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My understanding is that stock markets are expected to generate returns above inflation in the long run because companies are paying out dividends and because investors demand compensation for accepting risk (see for example this beautiful answer on StackExchange).

Are there any other asset classes besides stocks that exhibit such a "built-in" growth logic? I would be mostly interested in bonds, commodities and real estate but also more exotic classes.

Intuitively, I would argue that bonds also exhibit such a "built-in" growth logic as investors need to be compensated for the risk of bankruptcy. However, other assets such as commodities or land can only grow if demand increases or supply diminishes. Betting on such a change in supply and demand would be a purely speculative investment. Therefore, their expected long-term return should not exceed inflation.

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    "because companies are paying out dividends" - no - dividends are just a mechanism to get returns to investors - the "return" would be the same if the company paid no dividends, but would be reflected in the stock price rather than a cash payout. – D Stanley Feb 1 '18 at 16:14
  • @D Stanley: You are right, I should have been more precise on this point. – Bonilla Feb 1 '18 at 20:13
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Any investment that has risk (meaning the returns are not certain) should be expected to outperform inflation, otherwise one would just invest in risk-free instruments like government bonds.

Commodities are different because they have intrinsic value. Oil, wheat, corn, cattle, etc. all have intrinsic value from the products or services they enable (oil creates gasoline which powers cars, wheat and corn creates numerous food products, etc.) so their value is not purely speculative. Precious metals like gold and silver are used to create jewelry.

So their demand is tied more to the demand for the products that they create, but their total return (the investment value plus the value that they create) is still expected to outpace inflation.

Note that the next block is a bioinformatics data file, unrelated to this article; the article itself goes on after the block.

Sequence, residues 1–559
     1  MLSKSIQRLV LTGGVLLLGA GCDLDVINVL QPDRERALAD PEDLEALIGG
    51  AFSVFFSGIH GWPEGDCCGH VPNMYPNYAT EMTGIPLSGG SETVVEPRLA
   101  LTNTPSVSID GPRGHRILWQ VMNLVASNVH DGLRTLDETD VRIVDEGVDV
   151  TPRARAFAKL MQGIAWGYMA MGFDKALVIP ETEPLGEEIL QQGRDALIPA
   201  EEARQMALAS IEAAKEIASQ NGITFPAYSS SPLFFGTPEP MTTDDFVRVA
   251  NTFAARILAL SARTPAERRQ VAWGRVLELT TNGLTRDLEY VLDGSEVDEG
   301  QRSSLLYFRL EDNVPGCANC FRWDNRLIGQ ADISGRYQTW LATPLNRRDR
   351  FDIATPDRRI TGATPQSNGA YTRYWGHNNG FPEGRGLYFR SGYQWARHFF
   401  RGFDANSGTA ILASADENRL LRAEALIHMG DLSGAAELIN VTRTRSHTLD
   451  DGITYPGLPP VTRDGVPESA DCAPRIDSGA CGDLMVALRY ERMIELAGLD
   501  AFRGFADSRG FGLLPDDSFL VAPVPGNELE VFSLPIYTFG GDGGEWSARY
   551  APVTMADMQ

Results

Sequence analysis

• @D Stanley: "So their demand is tied more to the demand for the products that they create, but their total return (the investment value plus the value that they create) is still expected to outpace inflation." Thank you! But why? – Bonilla Feb 2 '18 at 8:52
  • This answer assumes risk-free investments such as government bonds have a return on investment close to inflation. That's not a given. E.g. the ECB money printing scheme, which is then used to buy government bonds has driven return on those bonds negative, while inflation is around/slightly below the 2% Euro target. – MSalters Apr 3 '18 at 6:55
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Series I and TIPS - fixed rate + inflation. Treasury Site

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"My understanding is that stock markets are expected to generate returns above inflation in the long run because companies are paying out dividends and because investors demand compensation for accepting risk"

Your logic here is not exactly correct. As pointed out by @DStanley in the comments to your question, the dividends themselves do not increase the net value of a stock; dividends are merely one method of returning value to shareholders [the ultimate owners of the company]. See more on that here: If a stock doesn't pay dividends, then why is the stock worth anything?.